c. 650-1650 A.D.
Provides patterns for 13 capes, 3 separate hoods, a tabard, small capelet, and a ganache (sized for chests 16" to 54"). These are just the thing to authentically complete MM016, MM021, MM023, MM026, MM041, MM043, MM053, MM056, MM058, MM093, MM101 and MM102.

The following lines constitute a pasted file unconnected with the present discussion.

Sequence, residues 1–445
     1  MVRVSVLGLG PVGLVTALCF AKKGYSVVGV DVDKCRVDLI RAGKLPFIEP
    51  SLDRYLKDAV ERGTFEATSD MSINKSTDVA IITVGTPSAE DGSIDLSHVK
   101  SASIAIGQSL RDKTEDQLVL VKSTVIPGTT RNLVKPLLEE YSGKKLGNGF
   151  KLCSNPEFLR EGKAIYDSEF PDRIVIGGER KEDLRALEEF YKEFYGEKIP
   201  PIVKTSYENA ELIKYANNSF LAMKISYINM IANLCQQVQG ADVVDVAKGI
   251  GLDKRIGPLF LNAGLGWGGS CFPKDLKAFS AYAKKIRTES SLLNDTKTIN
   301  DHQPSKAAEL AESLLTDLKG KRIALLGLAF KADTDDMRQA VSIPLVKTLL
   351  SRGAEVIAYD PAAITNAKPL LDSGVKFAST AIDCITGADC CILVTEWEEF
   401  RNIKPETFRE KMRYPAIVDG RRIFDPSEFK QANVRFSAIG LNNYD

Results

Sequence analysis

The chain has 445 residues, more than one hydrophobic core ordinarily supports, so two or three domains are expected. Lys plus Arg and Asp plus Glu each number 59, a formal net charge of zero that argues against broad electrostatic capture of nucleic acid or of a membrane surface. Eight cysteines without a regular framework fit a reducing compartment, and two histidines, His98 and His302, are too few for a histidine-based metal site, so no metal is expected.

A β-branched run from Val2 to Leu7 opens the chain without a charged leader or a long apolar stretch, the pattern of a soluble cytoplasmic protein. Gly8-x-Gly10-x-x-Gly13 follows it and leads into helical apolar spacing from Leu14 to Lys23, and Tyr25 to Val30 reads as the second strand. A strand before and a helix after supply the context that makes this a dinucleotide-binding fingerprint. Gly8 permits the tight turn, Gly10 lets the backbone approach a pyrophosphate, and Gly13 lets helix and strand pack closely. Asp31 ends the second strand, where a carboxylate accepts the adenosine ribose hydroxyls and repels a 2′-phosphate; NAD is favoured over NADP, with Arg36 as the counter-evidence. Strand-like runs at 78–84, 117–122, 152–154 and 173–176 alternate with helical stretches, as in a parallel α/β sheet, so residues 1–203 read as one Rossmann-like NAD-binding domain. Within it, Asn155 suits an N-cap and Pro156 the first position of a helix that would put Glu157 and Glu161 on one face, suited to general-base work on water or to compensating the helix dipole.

Throughout the "dark ages" (the early medieval period) capes were indispensable for protection against the weather, as well as fashionable articles of clothing in their own right. They were worn by both sexes of all classes and ages. While there were some variations, the same basic capes were found throughout extended Europe. In the Middle Ages the cut of capes became more sophisticated, and many new variations appeared. Tabards and ganaches reflected the growing preoccupation with fit and fashion. In the Renaissance, these changes led to capes often being reduced to more of a fashion accessory than serious protection against cold or wet weather.